- Wallace Matthews, ESPNNewYork.com
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NEW YORK -- As of Tuesday afternoon, hours before Texas eliminated Tampa Bay, the New York Yankees still didn't know who will start Games 2 and 3 for them in the ALCS, which means they also didn't know who will start Games 6 and 7.
If that last sentence made you gasp or gulp or head for the highest ledge, you need to take a deep breath or a swallow and, for god's sake, close that window now.
Because A.J. Burnett is the necessary evil in the Yankees' ALCS rotation. There is simply no way around him, and really, no better way of going about trying to return to the World Series.
I know it is a risk, you know it is a risk and even the GM, Brian Cashman, knows it is a risk, as revealed by his totally unsolicited remark on a conference call Monday afternoon with Yankees beat writers, when he said, "Our fans need to be prepared for a four-man rotation, and that probably includes A.J. Burnett."
He might just as well have said: Bear with us on this, please.
Or even: Don't tear the place down when you see No. 34 on the mound in a playoff game, perhaps even a crucial playoff game, next Tuesday.
But really, you got a better idea?
Burnett is going to be a part of this playoff rotation. He will prepare for it by taking the mound against major-league hitters -- well, Ramiro Peña and friends, anyway -- for the first time since Oct. 2 in a simulated game at Yankee Stadium on Wednesday and then, as pitching coach Dave Eiland said, "send him out there."
But it really doesn't work logically or mathematically.
If you go with all three on normal rest, you still need a Game 4 starter. And if you try to ride the big horse three times -- Sabathia in Games 1, 4 and 7 -- you need all three of your starters to go on short rest, a scenario that manager Joe Girardi neatly laid to rest at Tuesday's pre-workout media conference.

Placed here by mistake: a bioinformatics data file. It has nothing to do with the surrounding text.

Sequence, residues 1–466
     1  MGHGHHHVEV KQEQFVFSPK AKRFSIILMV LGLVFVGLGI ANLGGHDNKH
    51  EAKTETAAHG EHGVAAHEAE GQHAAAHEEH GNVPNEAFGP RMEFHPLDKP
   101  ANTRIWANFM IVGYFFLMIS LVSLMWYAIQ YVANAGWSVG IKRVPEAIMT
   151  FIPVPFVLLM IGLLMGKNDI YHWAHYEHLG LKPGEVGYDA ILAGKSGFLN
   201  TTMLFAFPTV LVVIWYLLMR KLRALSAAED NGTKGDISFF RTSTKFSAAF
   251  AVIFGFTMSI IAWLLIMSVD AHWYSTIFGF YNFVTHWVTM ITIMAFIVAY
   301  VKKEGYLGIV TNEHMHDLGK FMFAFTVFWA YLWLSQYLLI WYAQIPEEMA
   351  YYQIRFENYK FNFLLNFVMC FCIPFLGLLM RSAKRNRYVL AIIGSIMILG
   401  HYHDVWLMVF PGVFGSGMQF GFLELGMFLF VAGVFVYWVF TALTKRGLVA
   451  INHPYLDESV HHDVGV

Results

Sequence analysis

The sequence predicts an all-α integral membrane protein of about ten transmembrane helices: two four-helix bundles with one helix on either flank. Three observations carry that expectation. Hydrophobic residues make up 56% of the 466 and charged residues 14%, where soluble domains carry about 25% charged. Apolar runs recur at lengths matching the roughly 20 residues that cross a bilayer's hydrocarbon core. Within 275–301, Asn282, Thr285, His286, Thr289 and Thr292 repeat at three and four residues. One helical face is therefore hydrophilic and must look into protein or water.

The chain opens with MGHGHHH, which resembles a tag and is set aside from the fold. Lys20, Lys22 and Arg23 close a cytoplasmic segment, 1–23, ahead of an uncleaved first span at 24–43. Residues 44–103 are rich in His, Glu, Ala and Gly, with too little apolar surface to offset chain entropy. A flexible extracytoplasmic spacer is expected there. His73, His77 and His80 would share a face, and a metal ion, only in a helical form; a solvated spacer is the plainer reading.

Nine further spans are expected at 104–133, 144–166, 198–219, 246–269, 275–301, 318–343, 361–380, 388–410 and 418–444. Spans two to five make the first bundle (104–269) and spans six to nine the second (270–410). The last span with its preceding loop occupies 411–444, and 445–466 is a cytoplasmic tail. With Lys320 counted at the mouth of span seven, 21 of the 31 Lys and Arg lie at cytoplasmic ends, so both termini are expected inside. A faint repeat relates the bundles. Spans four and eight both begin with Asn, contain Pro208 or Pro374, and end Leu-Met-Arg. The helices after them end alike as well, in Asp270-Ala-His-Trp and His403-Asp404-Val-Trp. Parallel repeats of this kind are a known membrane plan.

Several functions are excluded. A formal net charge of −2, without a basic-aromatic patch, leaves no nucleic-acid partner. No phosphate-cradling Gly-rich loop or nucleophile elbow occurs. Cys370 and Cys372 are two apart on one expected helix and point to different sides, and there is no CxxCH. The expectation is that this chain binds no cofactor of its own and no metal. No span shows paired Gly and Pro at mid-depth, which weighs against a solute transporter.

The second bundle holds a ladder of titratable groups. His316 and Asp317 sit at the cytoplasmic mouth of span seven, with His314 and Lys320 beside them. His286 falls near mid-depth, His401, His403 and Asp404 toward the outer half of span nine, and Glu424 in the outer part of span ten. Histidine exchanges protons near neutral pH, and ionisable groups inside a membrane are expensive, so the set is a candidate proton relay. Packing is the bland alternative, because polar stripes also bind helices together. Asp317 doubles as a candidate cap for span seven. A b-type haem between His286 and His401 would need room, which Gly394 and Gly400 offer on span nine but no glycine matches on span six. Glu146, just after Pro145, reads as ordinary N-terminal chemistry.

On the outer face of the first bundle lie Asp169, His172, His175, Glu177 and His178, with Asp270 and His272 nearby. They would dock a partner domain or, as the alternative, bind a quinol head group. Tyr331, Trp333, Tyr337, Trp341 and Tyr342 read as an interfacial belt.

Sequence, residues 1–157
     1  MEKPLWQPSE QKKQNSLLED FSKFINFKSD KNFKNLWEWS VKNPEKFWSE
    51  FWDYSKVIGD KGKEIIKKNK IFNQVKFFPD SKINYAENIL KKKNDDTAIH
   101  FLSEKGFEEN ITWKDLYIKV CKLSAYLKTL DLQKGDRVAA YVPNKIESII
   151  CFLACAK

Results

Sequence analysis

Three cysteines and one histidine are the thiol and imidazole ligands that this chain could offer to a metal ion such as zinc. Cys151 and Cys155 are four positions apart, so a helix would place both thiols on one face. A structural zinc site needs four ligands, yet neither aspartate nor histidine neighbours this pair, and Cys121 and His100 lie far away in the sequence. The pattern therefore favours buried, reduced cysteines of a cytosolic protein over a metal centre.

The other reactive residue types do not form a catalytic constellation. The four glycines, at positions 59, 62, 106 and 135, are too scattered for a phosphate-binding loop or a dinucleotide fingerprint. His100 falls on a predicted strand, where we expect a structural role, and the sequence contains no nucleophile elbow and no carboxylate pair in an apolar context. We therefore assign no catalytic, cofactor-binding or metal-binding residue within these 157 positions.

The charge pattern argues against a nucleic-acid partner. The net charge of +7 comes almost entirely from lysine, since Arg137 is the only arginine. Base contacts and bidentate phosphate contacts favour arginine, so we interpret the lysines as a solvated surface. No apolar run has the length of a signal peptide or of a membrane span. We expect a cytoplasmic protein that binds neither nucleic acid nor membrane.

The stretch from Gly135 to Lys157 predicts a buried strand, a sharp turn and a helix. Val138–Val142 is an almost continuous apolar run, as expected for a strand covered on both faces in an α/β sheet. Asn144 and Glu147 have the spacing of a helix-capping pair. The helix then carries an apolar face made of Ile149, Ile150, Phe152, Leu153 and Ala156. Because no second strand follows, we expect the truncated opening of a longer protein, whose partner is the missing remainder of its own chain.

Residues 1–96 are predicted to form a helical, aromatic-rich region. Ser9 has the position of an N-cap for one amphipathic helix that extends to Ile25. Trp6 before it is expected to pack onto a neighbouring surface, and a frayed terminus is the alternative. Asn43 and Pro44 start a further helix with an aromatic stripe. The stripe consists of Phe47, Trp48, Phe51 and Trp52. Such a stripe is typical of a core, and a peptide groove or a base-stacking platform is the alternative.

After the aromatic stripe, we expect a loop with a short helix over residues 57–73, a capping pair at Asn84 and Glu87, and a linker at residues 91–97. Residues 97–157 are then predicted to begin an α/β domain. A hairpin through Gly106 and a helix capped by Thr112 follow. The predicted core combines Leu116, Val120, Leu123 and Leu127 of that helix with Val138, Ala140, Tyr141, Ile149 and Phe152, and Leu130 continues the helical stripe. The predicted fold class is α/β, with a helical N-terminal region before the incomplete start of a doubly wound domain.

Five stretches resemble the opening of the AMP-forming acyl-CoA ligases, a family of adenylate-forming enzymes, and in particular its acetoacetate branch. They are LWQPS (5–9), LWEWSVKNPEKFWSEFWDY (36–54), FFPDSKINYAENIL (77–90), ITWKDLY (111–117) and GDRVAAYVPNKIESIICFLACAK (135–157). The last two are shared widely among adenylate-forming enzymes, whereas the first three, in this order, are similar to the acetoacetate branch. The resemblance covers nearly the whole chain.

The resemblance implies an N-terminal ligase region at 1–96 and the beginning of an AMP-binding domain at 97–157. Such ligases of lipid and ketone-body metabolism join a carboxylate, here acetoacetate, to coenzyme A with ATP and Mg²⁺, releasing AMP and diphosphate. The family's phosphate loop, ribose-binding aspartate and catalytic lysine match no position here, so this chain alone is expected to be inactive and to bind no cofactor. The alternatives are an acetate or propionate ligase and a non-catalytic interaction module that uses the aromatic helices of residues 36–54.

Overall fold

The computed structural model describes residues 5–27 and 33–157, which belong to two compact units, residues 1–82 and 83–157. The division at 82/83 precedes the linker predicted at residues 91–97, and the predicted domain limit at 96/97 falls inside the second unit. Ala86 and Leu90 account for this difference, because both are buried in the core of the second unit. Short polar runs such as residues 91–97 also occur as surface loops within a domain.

"Hughsie's never done it," Girardi said. "And Andy's coming off an injury."
He didn't bother mentioning that Sabathia has already thrown 237 innings and thrown a bucket load of baseballs this year -- 19 starts of 110-plus pitches and two of 120-plus -- and that even if that yeoman workload gets you through the ALCS, you still have a World Series to play and win.
Fat chance winning it with a pitching staff that is worn out just getting you there.
(Of course, you could get by with three starters if Mother Nature cooperates with a rainout or two, but so far not even the Yankees have been able to buy weather.)
Face it, A.J. Burnett is the harsh reality we all must face.
We know he is going to pitch Game 4 because of an unguarded remark Eiland made Tuesday when I asked him if the possibility of needing a Game 7 starter would determine who would start Game 3, because the same pitcher necessarily would start Game 7.
"That's not a factor," he said. "We feel whoever pitches Game 2 or whoever pitches 3 can pitch Game 7. What I mean is, our first three guys, CC, Andy and Phil, we would have no problem running any of those three out [for] 7."
So now we know when Burnett is going to pitch: Tuesday, Oct. 19 at Yankee Stadium, in a game in which the Yankees could be trying to sweep or stave one off, in which the Yankees could be trying to take a commanding 3-1 lead, or even trying to even things back up after falling behind 2-1.
(Both Gaudin and Vazquez, left off the ALDS roster, will follow Burnett in the simulated game on Wednesday, raising the possibility that one of them wil be added to the ALCS roster as a long man. And you thought the prospect of Burnett in a playoff game was scary?)